The Helmsley Charitable Trust recently announced a very exciting new collaboration with Cyft Inc. focused on predictive analytics (via machine learning) to proactively identify and manage at-risk type 1 patients. Wow this is great – we have been hearing for so long about risk stratification and we love to see this. Healthcare providers at Children’s Mercy Kansas City and Joslin Diabetes Center will receive decision support at the point of treatment, leveraging machine learning, natural language processing (i.e., free text notes in the EHR), and device signal processing. Nice! The project – dubbed a “learning health system” (we love that!) – will start in mid-2017 and last three years through a Trust grant (size not disclosed). We see enormous potential in this combination of continuous passive monitoring from multiple data sources, clinical decision support that scales providers’ impact, and prioritized care delivery to those who need it most. In our view, the available technology to make sense of data, find hidden patterns, and make predictions has far outpaced the current model of face-to-face diabetes care, which often uses very little/no data to make decisions. Can projects like this change that, especially to help a growing number of patients experiencing far too many costly and preventable events? We look forward to seeing the data that comes out of this pilot – where were the biggest improvements in care? What was the economic impact? The team overseeing this ambitious project –Dr. Mark Clements (Medical Director for the Pediatric Clinical Research Unit at Children’s Mercy), Dr. Sanjeev Mehta (Joslin’s Chief Medical Information Officer and Director of Quality), Dr. Leonard D’Avolio (Cyft CEO and Assistant Professor at Harvard Medical School), and Dr. Susana Patton (Associate Professor of Pediatrics at the University of Kansas Medical Center) – is nothing short of extremely impressive. How will this scale to populations, fit into care delivery, and drive new reimbursement models? We salute the Trust for thinking so intelligently and ambitiously about the future of care and then funding projects to explore how the latest technology can transform outcomes in T1D.
- One of our favorite quotes in the press release comes from Dr. Leonard D’Avolio: “We can no longer be a ‘wait and see’ industry. Instead we’re pulling real insights from disparate data sources and using these to inform clinical care. We’re thrilled to partner with these leading institutions to serve such a critical patient population, and believe that the work this new learning health system will accomplish could fundamentally change how we treat T1D as an industry.”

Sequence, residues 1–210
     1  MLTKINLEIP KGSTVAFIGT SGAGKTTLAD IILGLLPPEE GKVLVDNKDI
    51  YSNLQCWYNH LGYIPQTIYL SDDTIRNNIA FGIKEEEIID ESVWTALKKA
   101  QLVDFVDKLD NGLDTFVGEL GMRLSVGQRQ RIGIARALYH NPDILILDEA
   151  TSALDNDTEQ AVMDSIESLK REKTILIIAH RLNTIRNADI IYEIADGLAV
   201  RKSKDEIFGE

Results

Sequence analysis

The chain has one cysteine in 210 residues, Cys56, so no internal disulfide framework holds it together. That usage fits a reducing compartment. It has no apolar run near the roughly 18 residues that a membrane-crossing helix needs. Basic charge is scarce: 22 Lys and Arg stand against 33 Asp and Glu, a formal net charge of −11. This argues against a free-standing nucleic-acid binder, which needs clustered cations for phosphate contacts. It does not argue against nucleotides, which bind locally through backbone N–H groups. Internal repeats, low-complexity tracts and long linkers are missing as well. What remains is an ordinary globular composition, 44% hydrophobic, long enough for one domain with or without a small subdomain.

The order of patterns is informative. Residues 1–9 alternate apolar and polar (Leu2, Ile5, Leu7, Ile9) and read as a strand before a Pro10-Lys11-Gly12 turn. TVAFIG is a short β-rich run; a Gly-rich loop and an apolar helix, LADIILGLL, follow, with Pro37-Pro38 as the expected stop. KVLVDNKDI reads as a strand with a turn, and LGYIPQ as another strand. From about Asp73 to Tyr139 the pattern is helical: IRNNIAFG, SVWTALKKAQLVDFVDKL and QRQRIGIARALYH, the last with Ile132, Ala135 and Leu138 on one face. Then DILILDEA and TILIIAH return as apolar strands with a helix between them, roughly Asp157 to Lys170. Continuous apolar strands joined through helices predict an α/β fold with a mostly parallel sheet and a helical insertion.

- Dr. D’Avolio’s Cyft Inc. strives to enable health delivery systems to leverage data the way other industries have for 30+ years. In a recent TED talk, he shared that 10 years ago, 95% of health data was on paper – today, 95% of hospitals have health records. And this data, he continued, should be leveraged to answer three fundamental questions: (i) What should we do? (ii) Are we doing it? And (iii) Can we do it better? (The TED talk is well-worth watching for 20 minutes!)
- Some of our favorite examples in this area of remote-enabled care + analytics + decision support are Glooko’s Population Tracker (launched in 2014 – very early in this field), all the work happening in insulin dose titration from players big and small, a growing number of remote coaching platforms (Livongo, mySugr, One Drop, Glooko + Fit4D, etc.). Several players are also working on use of machine learning in diabetes data, including Medtronic/IBM Watson (Sugar.IQ, Turning Point), Lilly, and Bigfoot.
- For those always wondering, “How many people actually have type 1 in the US?”, the Trust is using ~1.5 million. From the press release: “T1D affects roughly 1.5 million people in the U.S., and there was an incidence of approximately 18,436 new cases among youth in the U.S. in 2008-2009, per the American Diabetes Association (ADA). T1D is the second most prevalent chronic disease of childhood after asthma.”
-- by Brian Levine, Adam Brown, and Kelly Close